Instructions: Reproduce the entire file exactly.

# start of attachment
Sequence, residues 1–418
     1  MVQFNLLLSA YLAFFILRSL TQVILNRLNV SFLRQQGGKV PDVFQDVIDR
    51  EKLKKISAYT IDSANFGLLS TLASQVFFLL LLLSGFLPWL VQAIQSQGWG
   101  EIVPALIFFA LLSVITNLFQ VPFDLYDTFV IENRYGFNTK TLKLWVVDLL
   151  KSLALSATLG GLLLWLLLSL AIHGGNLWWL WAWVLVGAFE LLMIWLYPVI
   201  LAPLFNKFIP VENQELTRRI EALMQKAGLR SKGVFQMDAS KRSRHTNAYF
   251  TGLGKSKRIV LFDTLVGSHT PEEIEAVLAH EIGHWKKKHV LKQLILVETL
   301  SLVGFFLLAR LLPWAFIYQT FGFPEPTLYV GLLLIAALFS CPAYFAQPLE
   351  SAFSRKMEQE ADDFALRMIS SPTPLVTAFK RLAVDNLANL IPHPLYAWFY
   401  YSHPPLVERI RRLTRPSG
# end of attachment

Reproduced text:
Sequence, residues 1–418
     1  MVQFNLLLSA YLAFFILRSL TQVILNRLNV SFLRQQGGKV PDVFQDVIDR
    51  EKLKKISAYT IDSANFGLLS TLASQVFFLL LLLSGFLPWL VQAIQSQGWG
   101  EIVPALIFFA LLSVITNLFQ VPFDLYDTFV IENRYGFNTK TLKLWVVDLL
   151  KSLALSATLG GLLLWLLLSL AIHGGNLWWL WAWVLVGAFE LLMIWLYPVI
   201  LAPLFNKFIP VENQELTRRI EALMQKAGLR SKGVFQMDAS KRSRHTNAYF
   251  TGLGKSKRIV LFDTLVGSHT PEEIEAVLAH EIGHWKKKHV LKQLILVETL
   301  SLVGFFLLAR LLPWAFIYQT FGFPEPTLYV GLLLIAALFS CPAYFAQPLE
   351  SAFSRKMEQE ADDFALRMIS SPTPLVTAFK RLAVDNLANL IPHPLYAWFY
   401  YSHPPLVERI RRLTRPSG